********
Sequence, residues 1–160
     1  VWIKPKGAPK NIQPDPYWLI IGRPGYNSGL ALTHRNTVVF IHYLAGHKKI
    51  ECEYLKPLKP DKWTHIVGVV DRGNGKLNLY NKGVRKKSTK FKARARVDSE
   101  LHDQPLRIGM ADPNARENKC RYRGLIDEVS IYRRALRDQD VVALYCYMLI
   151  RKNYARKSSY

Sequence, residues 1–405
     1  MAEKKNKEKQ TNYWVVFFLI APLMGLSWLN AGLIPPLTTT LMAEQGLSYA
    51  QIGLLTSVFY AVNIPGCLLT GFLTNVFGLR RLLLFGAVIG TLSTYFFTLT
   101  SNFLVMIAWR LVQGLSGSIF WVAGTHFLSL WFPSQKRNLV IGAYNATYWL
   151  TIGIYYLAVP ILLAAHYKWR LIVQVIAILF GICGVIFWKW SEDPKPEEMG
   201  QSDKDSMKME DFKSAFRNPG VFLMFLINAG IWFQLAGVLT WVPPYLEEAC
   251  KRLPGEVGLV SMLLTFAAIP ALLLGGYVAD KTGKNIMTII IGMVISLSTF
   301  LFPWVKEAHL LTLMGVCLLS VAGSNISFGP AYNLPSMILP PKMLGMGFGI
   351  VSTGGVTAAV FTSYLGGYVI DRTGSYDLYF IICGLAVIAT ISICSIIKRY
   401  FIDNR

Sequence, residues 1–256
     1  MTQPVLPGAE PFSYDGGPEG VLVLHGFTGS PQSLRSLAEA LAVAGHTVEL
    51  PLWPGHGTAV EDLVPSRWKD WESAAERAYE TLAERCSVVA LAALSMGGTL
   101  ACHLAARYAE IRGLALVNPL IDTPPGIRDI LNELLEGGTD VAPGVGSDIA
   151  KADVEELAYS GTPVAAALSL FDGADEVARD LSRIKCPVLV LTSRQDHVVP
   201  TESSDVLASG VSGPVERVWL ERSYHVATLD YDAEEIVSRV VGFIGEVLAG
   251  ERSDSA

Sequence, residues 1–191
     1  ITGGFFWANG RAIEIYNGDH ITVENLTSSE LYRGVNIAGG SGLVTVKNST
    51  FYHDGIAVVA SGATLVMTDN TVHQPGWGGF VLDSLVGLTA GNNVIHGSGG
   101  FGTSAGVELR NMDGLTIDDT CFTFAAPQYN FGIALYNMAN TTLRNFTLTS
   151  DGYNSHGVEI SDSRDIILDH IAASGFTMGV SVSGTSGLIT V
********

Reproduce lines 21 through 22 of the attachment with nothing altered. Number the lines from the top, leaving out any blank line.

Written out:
   201  TESSDVLASG VSGPVERVWL ERSYHVATLD YDAEEIVSRV VGFIGEVLAG
   251  ERSDSA